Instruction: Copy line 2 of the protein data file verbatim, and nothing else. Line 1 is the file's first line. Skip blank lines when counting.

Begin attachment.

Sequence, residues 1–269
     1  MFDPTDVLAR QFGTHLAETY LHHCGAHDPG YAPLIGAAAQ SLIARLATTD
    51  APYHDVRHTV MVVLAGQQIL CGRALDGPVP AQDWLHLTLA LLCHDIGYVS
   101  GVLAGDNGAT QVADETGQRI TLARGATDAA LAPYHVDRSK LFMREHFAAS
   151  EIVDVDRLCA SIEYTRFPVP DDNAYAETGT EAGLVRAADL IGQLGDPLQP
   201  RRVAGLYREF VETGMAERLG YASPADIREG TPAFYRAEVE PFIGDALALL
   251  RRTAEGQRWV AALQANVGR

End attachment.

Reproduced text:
     1  MFDPTDVLAR QFGTHLAETY LHHCGAHDPG YAPLIGAAAQ SLIARLATTD